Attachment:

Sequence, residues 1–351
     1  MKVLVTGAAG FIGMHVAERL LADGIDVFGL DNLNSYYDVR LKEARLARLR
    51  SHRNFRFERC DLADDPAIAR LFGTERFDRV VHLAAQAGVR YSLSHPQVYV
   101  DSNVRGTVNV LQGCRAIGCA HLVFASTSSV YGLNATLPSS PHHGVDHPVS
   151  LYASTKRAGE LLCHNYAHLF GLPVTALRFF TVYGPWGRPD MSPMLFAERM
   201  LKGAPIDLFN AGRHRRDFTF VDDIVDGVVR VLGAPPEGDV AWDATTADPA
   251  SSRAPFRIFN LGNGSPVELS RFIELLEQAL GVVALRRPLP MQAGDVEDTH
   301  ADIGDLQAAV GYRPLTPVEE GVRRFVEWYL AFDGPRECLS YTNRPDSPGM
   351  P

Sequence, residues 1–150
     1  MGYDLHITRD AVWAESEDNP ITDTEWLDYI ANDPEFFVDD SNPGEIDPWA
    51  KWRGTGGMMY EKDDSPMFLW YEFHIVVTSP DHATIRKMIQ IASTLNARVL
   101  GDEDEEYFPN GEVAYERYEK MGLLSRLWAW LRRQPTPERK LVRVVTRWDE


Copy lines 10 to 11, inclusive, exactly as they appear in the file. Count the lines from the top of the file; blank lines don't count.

Sequence, residues 1–150
     1  MGYDLHITRD AVWAESEDNP ITDTEWLDYI ANDPEFFVDD SNPGEIDPWA